Inmate Protocol in Hospitals: Tips for Law Enforcement
Tips for Law Enforcement When Bringing Inmates into Hospitals
At any given time there are prisoners in a hospital and unfortunately, healthcare facilities are not usually well equipped for their presence. There are many reasons why an inmate might be in a hospital, they could need forensics done, or perhaps they got injured, or became severely ill. No matter what the reason, it is important for hospital staff to be prepared for their arrival and know that law enforcement will properly do their job. As a member of law enforcement, it is imperative for you to keep staff and visitors safe while maintaining control of the inmate. Remember these 5 tips to keep the public safe when dealing with prisoners in healthcare facilities.
1. Call Ahead
Your first step should be to call ahead. This includes a call to both the emergency department and the security department. You will need the help and compliance of both to maintain security.
When calling, be very clear on identifying your needs. Explain that you need a security personnel, a wheelchair or gurney, a clear route, as little wait time as possible, etc. Hospital staff are not heavily trained in this aspect so they are taking direction from you, the law enforcement personnel. The publics safety is in your hands, not the hospitals.
2. Predetermine Access
When you call ahead, ensure that you have a secure access point to use as an ingress. Typically, an ambulance bay works well, although you may need to park closely and transport the prisoner through the bay as not to cause congestion for emergency vehicles. Ambulance bays tend to be the best option because they are restricted to the public and they have a predetermined route to the emergency department. A predetermined access is critical to security upon arrival. Your law enforcement agency may even have an access point mapped, but ensure when calling ahead that this access is available for use, if not, work with hospital security to determine a safe point.
3. Wheeled & Concealed Transport
When transporting a prisoner through a public area such as a healthcare facility, it is important to keep the fear and security managed. When you arrive, a security member should meet you with either a wheelchair or gurney (whichever you request), if a wheelchair is available, ensure that you use an extra set of handcuffs to detain to an unmovable part of the wheelchair. When making your way through the hospital, the law enforcement officer should push the inmate in order to maintain control and a security guard should lead in front, giving access to areas and to keep the public away.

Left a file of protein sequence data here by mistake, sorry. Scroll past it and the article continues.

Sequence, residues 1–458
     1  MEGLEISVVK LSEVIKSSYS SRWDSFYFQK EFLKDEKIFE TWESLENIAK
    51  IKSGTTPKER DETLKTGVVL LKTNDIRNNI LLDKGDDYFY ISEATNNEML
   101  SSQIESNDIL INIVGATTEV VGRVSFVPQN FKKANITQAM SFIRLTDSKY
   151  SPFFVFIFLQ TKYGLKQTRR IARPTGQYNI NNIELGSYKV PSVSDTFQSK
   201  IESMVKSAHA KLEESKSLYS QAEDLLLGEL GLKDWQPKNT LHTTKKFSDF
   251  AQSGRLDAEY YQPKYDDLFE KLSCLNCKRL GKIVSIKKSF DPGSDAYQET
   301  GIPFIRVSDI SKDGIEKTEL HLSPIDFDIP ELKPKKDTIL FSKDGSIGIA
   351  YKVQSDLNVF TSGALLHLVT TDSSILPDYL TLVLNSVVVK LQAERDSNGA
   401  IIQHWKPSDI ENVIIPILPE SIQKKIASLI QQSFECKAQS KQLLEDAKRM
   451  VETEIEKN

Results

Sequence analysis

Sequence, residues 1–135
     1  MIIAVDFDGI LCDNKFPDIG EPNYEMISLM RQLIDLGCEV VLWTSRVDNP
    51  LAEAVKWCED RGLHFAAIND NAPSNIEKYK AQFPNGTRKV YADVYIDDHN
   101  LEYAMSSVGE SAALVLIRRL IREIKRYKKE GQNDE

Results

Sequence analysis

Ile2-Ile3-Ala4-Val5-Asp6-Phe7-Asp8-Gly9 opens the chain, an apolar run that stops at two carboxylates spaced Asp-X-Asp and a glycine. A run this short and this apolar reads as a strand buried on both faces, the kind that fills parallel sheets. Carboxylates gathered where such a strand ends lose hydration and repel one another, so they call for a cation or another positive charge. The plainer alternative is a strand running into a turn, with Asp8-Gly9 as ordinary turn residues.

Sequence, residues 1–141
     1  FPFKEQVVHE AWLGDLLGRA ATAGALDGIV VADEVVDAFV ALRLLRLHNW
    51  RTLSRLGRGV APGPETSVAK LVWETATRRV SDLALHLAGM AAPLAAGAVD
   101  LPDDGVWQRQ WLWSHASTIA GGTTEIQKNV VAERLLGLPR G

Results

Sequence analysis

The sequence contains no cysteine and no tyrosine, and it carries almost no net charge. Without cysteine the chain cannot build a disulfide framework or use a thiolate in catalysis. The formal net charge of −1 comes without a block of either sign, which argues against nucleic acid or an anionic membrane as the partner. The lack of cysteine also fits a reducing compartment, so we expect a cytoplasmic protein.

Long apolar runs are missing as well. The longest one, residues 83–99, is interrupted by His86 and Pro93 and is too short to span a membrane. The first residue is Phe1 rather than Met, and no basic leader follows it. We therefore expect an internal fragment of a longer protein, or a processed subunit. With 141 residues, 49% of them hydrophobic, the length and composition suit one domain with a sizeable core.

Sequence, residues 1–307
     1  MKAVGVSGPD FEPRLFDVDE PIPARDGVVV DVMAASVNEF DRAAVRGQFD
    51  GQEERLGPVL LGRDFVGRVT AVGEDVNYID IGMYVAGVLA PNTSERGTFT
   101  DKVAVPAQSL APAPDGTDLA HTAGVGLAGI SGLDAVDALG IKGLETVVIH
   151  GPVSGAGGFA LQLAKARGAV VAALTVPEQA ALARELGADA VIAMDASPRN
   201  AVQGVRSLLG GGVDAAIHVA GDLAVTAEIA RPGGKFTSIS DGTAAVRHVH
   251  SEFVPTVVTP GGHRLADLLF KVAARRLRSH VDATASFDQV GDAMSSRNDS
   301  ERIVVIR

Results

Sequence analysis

When transporting a prisoner through a healthcare facility, make some efforts to conceal handcuffs and shackles. This not only minimizes inmate embarrassment and maintains their dignity, but it also goes a long way in easing public concern.
4. Maintain Custody
As a law enforcement officer, you know how crucial it is to maintain custody at all times, if a prisoner gets out of custody, the consequences could be deadly. When medical professionals are working on a prisoner, they may ask for handcuffs to be removed, be aware. Always ask if there is an alternative to removing handcuffs or shackles, if they say no, ask for proper documentation. When it is not possible to maintain custody, ask for back up (either from security or from your precinct), keep eyes on the individual at all times, and if possible, do so in isolation.
It is essential for everyone’s safety and the security of the facility to utilize isolation when possible. Some healthcare facilities have full isolation rooms, which is the ideal solution, in other instances, facilities have modified rooms that can be utilized as isolation areas. By isolating the prisoner, public safety is more easily maintained. When you call ahead, explain that you will wait in the car until isolation is available and that you need to stay out of waiting areas for the safety of the public. They will understand and appreciate your dedication to everyone’s safety.
When bringing an inmate into a public area, it is essential to maintain security of the individual and safety of those around. Law enforcement have a big task to do this, especially in an area that is not equipped to provide the most secure options. By remembering these steps, safety and security for inmates in healthcare facilities can become a less daunting task for police.